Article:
Han Solo is an American hero. Across Colorado, the country and the world, millions will flock this Memorial Day weekend to see "Solo: A Star Wars Story" and the young Alden Ehrenreich take on the character Harrison Ford made into a legend over the past four decades. Each ticket sold cements the reckless-rogue-turned-reluctant-rebel's status as the quintessential (accidental) American hero.
But this film matters more than just giving rabid fans Han Solo's backstory - this character provides an important insight into how Americans think about heroes and heroism. He's near the top of the American Film Institute's top heroes list - but why? And why does he matter so much?
In the beginning - 1977's Star Wars: A New Hope - Han was a selfish smuggler. He'd do about anything for money, from moving rebels to murdering other rogues.
Sitting in a bar full of scummy villains, Han and his furry sidekick, Chewbacca, would transport anyone, anywhere, for a price. Jedi or not, Rebellion or not, it was all cargo, and cargo meant money. That's where we also see Han cornered by Greedo, a bounty hunter who wanted to snatch and turn Han in to a local gangster for a payday. Instead of allowing his own capture, or to pay his debts, Han shot Greedo in cold blood.
But then Han evolved, shed his greed, and went on to care for others, learn to sacrifice, and to act in a truly heroic fashion.
A hero's journey overcomes the "dark passions" and "irrational savage" inside ourselves, says the mythologist Joseph Campbell. Heroes serve "something bigger than oneself" and sometimes, a hero even "performs a courageous act in battle or saves a life."
During that first film, we saw Han transform from a self-interested smuggler into a selfless servant to the Rebellion. He gave up his smuggling fee. And in Solo's most famous moment, during A New Hope's climax, he swooped in with his ship to clear the path that enabled Luke to destroy the evil, planet-killing Death Star. These Han did, not for money, not for fame - but for his friends. And a cause.
Even if Han Solo is a hero, why do Americans love him so much more than Obi Wan Kenobi? The American Film Institute top heroes list places the old Jedi Kenobi in 37th, far behind Solo (at 14th). Doesn't an elegant lightsaber beat an old blaster any day? Didn't Kenobi sacrifice his life to enable Luke Skywalker and company to escape - while Solo merely refunded some money and showed up at the right time?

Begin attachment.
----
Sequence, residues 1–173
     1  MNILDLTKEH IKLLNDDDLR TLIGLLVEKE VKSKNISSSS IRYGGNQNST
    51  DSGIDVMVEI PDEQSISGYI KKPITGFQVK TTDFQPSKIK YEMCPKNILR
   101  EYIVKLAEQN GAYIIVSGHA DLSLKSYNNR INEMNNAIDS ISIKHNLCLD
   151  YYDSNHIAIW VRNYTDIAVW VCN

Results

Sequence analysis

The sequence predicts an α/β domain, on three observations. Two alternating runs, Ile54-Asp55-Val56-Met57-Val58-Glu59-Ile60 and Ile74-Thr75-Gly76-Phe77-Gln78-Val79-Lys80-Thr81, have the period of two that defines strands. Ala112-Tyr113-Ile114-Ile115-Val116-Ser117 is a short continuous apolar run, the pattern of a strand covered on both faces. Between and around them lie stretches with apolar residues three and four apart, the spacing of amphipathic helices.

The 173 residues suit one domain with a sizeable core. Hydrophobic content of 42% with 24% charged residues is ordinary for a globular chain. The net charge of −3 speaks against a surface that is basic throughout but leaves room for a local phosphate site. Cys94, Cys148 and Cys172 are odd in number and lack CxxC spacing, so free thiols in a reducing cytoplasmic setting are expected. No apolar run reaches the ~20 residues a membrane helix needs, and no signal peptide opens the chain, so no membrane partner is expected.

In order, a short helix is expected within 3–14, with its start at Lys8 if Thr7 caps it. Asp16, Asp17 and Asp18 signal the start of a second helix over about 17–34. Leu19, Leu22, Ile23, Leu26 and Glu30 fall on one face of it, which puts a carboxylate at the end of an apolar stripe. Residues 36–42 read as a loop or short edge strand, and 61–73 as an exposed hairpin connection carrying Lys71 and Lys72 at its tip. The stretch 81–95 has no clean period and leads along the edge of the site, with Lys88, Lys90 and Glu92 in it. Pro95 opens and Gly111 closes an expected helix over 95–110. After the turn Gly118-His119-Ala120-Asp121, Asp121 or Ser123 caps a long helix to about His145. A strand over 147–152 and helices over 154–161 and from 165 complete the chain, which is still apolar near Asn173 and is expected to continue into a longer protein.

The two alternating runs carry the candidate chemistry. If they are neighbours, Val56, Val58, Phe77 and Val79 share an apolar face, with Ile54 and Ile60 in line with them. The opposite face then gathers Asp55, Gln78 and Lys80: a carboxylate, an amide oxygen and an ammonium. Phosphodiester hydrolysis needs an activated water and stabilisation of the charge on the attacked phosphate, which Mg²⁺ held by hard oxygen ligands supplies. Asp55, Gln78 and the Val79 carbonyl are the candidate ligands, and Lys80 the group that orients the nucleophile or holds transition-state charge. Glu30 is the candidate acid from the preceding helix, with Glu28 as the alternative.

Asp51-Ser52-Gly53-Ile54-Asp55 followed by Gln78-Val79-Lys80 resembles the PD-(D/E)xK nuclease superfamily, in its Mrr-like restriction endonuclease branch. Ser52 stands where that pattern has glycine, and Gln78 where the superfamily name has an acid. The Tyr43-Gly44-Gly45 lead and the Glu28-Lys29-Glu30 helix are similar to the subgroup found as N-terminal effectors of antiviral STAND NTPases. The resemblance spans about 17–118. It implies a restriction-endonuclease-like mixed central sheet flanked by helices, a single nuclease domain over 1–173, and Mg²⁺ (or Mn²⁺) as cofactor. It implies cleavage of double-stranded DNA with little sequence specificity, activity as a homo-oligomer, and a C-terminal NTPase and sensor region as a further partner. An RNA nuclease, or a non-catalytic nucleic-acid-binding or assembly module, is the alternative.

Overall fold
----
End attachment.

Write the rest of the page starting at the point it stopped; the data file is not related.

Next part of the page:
Yet, we expect such sacrifice from Obi Wan. He's a Jedi. He's dedicated, by profession. That's not to say we dismiss his efforts. But Obi Wan's heroism is not as striking and not as relatable to us as Han's transformation. Obi Wan may be a hero, but he's not as heroic as Han.
Han is imperfect, makes mistakes, doesn't possess muscles or superpowers, and occasionally just flat out runs away instead of standing and fighting. He's the hero-that-didn't-know-it-yet, and it's an on-screen redemption story that shows us a hero might be inside all of us.
We need more characters like Han Solo, a hero whose journey, during film promotion, Harrison Ford once called a "real American story" with a "mythological quality." Such myths can teach real lessons about life.
Han's is a not-always-pretty story about the one that chose to serve the many. As Americans, the people that stamp E Pluribus Unum ("out of many, one") on our money, that message matters, particularly in divided times.
Solo shows us we can be better. We can grow beyond our selfish impulses. We can care about others more than ourselves. We can give more than we think possible.
Joseph Campbell once said it was "too bad" that we spend so much more time on our celebrities and not enough on our heroes. He was right. We need less Kanye and more King. Less Lauer and more Lincoln. Less Miley and more Malala.
And more of Han Solo. The selfish smuggler. The selfless space-pirate. The American hero.
Major ML Cavanaugh is a nonresident fellow with the Modern War Institute at West Point, and co-edited the book, with author Max Brooks, Strategy Strikes Back: How Star Wars Explains Modern Military Conflict, from Potomac Books. This essay is an unofficial expression of opinion; the views expressed are those of the author and not necessarily those of West Point, the Department of the Army, the Department of Defense, or any agency of the U.S. government.